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Alnylam Sues Dicerna

Here’s the latest RNAi dustup: Alnylam has filed a “trade secret misappropriation” lawsuit against Dicerna (thanks to a commenter here for mentioning this news). The real issue seems to be use of GalNAc conjugates for delivering siRNAs to the liver. Alnylam’s president, Barry Greene says that “Alnylam has led the discovery and development of GalNAc conjugate technology for delivery of RNA therapeutics, including through technology we obtained from our $175 million Sirna Therapeutics acquisition in our 2014 transaction with Merck.”
That’s where it’ll get complicated. The RNAi Blog notes this lawsuit is claiming that Dicerna hired some of Merck’s laid-off RNA people after that 2014 deal with Alnylam, which is when Merck finally wrote off the last of their earlier investment in Sirna.
So this all may come down to what the Merck people knew when they went to Dicerna, whether they were bound by noncompete agreements or not, and what the legal status of the GalNac technology was at the time. Keep in mind that trade secrets are very different things than patents. If a trade secret holder did not take “reasonable protective measures”, there may not be room for a misappropriation claim. (New Jersey has adopted a law based on the Uniform Trade Secrets Act, mentioned in that article, but although Massachusetts has not, its laws do have similar provisions on protection). We may not get to find out all the details – I’m guessing that this is one of those cases that’s going to end in some sort of settlement – but this situation is worth keeping an eye on.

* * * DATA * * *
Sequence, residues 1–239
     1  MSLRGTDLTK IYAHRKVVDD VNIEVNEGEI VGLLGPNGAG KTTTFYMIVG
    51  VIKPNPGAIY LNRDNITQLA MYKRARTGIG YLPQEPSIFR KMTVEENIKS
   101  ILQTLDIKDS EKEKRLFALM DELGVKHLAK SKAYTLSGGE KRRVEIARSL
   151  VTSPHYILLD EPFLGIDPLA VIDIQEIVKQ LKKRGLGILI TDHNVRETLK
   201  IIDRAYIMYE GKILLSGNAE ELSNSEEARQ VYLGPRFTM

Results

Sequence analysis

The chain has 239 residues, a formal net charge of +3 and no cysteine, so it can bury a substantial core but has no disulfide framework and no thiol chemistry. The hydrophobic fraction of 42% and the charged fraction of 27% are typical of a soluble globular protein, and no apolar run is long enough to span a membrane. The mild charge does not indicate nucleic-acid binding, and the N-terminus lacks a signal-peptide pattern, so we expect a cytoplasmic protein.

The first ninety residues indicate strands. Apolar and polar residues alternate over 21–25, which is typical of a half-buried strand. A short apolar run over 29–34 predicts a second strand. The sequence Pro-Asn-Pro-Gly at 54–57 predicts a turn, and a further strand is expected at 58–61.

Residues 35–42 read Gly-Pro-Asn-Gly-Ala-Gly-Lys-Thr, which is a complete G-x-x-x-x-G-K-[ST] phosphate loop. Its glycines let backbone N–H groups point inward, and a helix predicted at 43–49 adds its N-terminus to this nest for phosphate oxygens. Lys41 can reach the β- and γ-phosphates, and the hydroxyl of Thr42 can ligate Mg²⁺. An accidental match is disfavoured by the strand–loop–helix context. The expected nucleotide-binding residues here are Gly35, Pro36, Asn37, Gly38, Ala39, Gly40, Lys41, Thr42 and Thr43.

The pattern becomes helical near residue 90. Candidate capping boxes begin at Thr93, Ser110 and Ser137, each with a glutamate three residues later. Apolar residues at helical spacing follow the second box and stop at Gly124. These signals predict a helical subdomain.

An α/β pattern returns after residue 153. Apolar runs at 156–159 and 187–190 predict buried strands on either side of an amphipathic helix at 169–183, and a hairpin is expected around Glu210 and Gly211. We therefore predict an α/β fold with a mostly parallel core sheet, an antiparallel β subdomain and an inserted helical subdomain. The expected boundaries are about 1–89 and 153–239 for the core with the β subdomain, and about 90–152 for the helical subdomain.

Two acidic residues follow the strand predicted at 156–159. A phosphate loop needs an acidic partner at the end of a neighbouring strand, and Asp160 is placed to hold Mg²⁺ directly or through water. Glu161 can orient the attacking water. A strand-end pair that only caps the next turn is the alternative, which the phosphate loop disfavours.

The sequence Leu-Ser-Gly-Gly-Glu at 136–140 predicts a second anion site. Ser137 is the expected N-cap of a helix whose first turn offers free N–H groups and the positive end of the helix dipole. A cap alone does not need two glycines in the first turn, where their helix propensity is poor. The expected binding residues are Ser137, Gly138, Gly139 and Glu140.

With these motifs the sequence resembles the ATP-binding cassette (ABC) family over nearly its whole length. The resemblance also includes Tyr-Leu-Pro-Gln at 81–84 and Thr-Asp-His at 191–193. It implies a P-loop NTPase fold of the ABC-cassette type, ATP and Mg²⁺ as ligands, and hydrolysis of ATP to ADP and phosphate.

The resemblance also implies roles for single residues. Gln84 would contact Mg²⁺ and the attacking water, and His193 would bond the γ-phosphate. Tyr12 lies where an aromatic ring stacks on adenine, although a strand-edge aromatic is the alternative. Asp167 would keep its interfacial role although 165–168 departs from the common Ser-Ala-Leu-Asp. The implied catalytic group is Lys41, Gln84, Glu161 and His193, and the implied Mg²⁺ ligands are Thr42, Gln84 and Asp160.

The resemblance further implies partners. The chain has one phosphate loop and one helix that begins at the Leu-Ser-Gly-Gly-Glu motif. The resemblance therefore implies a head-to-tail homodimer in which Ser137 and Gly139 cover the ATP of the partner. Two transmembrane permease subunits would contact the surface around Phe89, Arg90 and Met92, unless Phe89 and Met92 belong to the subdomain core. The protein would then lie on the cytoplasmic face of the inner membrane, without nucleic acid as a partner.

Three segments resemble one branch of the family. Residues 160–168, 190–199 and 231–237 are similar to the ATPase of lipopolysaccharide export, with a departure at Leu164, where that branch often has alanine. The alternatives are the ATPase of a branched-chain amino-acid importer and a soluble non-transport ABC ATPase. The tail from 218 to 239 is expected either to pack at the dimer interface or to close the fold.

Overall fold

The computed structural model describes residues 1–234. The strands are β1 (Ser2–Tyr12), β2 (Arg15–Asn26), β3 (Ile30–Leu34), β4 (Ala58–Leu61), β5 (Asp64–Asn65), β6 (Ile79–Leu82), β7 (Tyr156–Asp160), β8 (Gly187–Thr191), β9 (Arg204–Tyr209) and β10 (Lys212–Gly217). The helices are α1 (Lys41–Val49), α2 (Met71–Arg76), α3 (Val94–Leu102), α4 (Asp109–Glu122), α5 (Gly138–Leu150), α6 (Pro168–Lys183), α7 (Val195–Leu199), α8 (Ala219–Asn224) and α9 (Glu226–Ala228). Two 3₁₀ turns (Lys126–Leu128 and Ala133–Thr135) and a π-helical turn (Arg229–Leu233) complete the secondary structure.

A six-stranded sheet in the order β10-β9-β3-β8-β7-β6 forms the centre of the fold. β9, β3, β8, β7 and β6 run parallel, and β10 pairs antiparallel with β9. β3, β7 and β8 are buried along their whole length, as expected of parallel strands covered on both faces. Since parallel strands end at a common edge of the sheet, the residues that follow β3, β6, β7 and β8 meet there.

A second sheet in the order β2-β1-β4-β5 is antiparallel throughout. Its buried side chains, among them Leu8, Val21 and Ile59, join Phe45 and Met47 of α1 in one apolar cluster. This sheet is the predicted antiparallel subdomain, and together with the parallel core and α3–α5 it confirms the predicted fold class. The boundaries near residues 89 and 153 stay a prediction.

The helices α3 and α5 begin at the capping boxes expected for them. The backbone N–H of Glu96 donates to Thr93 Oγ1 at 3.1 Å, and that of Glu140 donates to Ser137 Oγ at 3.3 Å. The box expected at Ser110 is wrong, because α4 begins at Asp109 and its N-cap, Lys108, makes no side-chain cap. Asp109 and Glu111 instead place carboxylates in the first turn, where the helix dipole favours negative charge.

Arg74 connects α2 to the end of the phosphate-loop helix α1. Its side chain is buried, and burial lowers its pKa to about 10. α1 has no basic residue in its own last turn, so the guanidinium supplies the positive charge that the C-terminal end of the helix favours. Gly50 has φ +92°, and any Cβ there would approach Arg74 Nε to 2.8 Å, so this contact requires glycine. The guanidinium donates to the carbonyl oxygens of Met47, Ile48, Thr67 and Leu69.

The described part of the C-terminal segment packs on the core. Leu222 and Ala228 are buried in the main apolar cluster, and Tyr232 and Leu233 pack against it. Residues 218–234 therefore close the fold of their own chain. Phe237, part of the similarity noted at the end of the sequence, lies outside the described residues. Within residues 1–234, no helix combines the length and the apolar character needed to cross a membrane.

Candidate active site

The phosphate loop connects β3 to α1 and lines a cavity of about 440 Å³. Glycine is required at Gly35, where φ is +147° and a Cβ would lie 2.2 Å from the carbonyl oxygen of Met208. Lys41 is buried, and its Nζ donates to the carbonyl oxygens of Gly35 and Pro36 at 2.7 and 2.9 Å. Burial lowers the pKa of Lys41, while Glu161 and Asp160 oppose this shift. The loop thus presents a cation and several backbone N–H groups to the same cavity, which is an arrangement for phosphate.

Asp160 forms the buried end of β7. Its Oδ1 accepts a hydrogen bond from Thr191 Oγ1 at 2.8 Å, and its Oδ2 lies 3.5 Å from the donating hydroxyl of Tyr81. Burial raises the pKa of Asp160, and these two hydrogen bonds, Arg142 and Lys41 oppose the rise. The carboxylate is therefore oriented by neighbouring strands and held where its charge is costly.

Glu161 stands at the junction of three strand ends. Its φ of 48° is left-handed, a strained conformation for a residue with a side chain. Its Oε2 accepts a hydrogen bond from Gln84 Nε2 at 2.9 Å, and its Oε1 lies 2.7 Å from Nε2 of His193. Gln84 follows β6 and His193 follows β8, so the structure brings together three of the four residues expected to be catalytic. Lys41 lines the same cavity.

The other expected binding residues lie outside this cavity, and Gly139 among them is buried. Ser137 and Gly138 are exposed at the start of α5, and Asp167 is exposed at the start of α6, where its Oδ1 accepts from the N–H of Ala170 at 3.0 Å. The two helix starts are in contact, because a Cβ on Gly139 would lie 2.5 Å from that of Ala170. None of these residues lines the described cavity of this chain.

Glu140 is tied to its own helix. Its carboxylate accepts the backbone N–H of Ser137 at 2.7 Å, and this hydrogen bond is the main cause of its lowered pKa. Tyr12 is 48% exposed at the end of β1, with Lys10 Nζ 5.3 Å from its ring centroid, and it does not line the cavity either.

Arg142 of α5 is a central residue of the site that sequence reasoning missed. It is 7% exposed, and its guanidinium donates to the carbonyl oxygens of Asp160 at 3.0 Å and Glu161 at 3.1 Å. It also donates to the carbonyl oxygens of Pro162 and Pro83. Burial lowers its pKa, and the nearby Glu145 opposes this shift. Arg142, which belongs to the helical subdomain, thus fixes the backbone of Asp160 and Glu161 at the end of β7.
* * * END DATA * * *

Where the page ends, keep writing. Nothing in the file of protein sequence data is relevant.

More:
14 comments on “Alnylam Sues Dicerna”

  1. biotechtoreador says:

    GalNAc is well known to delivery molecules to the liver. Be interesting to see how ALNY thinks it has ownership of an idea that predates its corporate existence by decades.

  2. Anonymous says:

    So Merck is upset that the people they laid off took their critical know-how elsewhere? That’s not misappropriation, it’s called short-sighted stupidity! Merck should sue the managers who made the stupid decision to lay off those guys.

  3. Anonymous says:

    Sorry, wrong company…
    So Alnylam is upset that the people they laid off took their critical know-how elsewhere? That’s not misappropriation, it’s called short-sighted stupidity! Alnylam should sue the managers who made the stupid decision to lay off those guys.

  4. biotechie says:

    #2 (and #3!). The employees were laid off from Merck. Alynlam did have some research partnerships with Merck in the 2000s and bought Merck’s Sirna division in 2014; the question is how much of the knowledge about GalNAc did the ex-Merck employees know?
    BTW #1 is right. GalNAc and ASGPR is decades-old idea long predating Alynlam.

  5. Hap says:

    I think the employees were Merck’s who worked with Sirna; when Merck dumped the program and sold off the pieces to Alnylam, they laid off the employees. Merck developed the technique, and presumably Alnylam bought the technology from Merck.